House Speaker Paul Ryan and other Republican leaders still reluctant to endorse presumptive presidential nominee Donald Trump need to "listen and accept the will" of GOP voters — or face getting voted out of office, Sen. Jeff Sessions says.
In an interview on Politico's "Off Message"
podcast, the Alabama lawmaker — an early backer of the real estate billionaire
— says Republican lawmakers have to "adjust to reality."
"I think [Ryan] needs to recognize, on some of these issues, Trump is where the Republicans are and if you're going to be a Republican leader you should be supportive of that," he said.
"My advice is to listen and accept the will of the American people," he said. "The Republican voters — the Republican Party is the Republican voters … A lot of our drift within our party has gotten away from [the will of the voters] … I think the leaders in all parties tend to adjust to reality. They just have to or they won't remain in office … Already many are sensing it."
Sessions is especially supportive of Trump's positions on trade, and tells Politico a vote for the Trans-Pacific Partnership by his colleagues in the Senate, where the legislation is currently stalled, could be a career-ender, warning, "I think they would have a hard time getting elected."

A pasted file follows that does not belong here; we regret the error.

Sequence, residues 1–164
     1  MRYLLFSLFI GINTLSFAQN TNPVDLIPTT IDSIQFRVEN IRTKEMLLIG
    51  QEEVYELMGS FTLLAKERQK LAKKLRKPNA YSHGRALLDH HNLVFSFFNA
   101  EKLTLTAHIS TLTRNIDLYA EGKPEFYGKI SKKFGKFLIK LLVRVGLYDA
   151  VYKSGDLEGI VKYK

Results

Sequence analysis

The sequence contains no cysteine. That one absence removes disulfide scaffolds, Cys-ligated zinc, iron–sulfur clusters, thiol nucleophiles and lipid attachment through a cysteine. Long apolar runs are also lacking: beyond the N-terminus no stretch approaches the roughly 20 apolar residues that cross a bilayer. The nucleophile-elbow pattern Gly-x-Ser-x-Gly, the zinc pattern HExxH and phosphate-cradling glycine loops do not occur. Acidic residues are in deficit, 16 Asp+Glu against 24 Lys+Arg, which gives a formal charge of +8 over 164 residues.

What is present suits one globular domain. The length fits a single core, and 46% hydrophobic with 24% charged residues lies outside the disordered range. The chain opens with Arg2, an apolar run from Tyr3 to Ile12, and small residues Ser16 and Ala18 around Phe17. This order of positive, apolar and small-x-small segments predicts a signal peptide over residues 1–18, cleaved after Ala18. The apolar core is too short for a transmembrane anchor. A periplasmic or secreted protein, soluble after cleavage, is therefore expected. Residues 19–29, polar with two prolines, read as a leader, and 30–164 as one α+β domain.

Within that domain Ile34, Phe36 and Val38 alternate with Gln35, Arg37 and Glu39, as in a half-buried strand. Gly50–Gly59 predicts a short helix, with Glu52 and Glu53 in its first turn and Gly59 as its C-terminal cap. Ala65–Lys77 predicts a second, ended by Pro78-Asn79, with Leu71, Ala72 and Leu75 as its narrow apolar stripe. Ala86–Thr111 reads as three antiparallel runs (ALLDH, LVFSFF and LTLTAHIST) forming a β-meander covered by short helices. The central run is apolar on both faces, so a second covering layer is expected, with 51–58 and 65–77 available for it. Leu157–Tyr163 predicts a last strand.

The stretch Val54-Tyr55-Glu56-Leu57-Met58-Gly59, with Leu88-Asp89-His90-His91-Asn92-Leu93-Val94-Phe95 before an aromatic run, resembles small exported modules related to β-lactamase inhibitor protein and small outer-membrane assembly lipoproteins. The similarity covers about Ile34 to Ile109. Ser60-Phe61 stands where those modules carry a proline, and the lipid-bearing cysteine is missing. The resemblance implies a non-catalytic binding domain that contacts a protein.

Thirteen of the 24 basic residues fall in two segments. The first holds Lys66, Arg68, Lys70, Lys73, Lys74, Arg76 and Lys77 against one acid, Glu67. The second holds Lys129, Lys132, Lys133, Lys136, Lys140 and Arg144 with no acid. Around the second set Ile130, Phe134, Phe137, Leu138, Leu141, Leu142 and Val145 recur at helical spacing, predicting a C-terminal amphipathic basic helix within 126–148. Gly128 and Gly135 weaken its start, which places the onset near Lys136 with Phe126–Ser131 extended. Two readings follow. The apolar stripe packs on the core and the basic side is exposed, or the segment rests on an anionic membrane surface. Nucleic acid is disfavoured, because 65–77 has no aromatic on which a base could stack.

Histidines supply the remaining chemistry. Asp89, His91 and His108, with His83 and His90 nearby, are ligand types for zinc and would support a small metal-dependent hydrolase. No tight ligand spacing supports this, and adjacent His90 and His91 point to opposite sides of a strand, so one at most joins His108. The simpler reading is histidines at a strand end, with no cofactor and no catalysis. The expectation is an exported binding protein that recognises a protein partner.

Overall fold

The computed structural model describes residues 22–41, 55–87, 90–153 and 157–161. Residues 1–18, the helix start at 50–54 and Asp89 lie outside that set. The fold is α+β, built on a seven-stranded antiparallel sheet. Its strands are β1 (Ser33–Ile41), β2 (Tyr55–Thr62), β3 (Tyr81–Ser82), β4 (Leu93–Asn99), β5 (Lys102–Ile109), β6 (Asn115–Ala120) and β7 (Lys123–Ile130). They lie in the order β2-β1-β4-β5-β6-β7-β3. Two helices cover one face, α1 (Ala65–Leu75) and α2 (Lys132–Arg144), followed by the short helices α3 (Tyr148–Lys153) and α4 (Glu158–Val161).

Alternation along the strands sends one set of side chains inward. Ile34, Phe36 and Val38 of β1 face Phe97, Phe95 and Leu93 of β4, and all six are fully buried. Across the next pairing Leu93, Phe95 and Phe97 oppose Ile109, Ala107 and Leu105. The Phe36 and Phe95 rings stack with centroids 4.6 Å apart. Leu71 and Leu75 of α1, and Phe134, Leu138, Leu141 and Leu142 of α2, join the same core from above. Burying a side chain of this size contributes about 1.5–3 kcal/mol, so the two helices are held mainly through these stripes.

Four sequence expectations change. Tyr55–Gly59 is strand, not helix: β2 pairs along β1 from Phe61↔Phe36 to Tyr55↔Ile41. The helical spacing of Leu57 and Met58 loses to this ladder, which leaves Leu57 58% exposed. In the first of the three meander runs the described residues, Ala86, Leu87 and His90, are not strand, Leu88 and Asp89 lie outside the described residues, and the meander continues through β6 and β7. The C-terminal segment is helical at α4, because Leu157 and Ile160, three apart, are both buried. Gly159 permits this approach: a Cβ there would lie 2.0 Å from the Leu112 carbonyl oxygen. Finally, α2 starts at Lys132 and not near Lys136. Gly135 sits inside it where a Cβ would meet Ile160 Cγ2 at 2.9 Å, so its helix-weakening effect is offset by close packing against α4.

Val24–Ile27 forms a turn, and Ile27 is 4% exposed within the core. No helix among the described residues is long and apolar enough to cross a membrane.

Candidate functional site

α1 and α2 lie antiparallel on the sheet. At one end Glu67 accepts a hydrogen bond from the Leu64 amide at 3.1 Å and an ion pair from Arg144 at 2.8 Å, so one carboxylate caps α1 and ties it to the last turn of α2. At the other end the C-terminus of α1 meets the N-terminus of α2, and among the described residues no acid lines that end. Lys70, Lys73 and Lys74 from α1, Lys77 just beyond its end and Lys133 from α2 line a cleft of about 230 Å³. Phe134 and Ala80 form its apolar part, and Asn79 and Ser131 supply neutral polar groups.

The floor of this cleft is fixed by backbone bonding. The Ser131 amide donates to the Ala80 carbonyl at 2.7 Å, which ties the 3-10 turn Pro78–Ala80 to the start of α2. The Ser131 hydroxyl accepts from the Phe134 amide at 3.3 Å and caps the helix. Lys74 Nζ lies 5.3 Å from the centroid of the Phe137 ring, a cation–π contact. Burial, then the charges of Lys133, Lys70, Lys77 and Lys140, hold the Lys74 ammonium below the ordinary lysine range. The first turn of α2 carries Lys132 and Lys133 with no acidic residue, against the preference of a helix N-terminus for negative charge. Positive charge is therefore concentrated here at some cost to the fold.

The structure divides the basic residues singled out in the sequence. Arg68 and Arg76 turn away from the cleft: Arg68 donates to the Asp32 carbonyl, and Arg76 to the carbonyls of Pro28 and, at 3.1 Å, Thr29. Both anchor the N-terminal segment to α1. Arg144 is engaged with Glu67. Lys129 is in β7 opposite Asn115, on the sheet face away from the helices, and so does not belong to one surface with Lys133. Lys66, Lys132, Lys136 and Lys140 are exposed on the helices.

He also argues that Mitt Romney's loss in 2012 came because he failed to reach the "under-$50,000-a-year income voter" — and Trump is resonating with that same bloc.
"You cannot be president of the United States if people below $50,000 don't think you care about them and you have no real communication that motivates them to vote for you," he said. "And that's the trend we've been on, and Trump has broken that."
He also believes Trump "is going to appeal better to African-Americans, Hispanics, and others than previous Republican candidates because he's talking about what they want: a fair chance to have a better life economically."
"I just don't think there's that many people who think it's wrong to have control on our borders. That's not racism," he said, adding: "How do you appeal to Hispanics and African-Americans that we've not done well with at all? Is it by saying we're going to have open borders and more welfare?"
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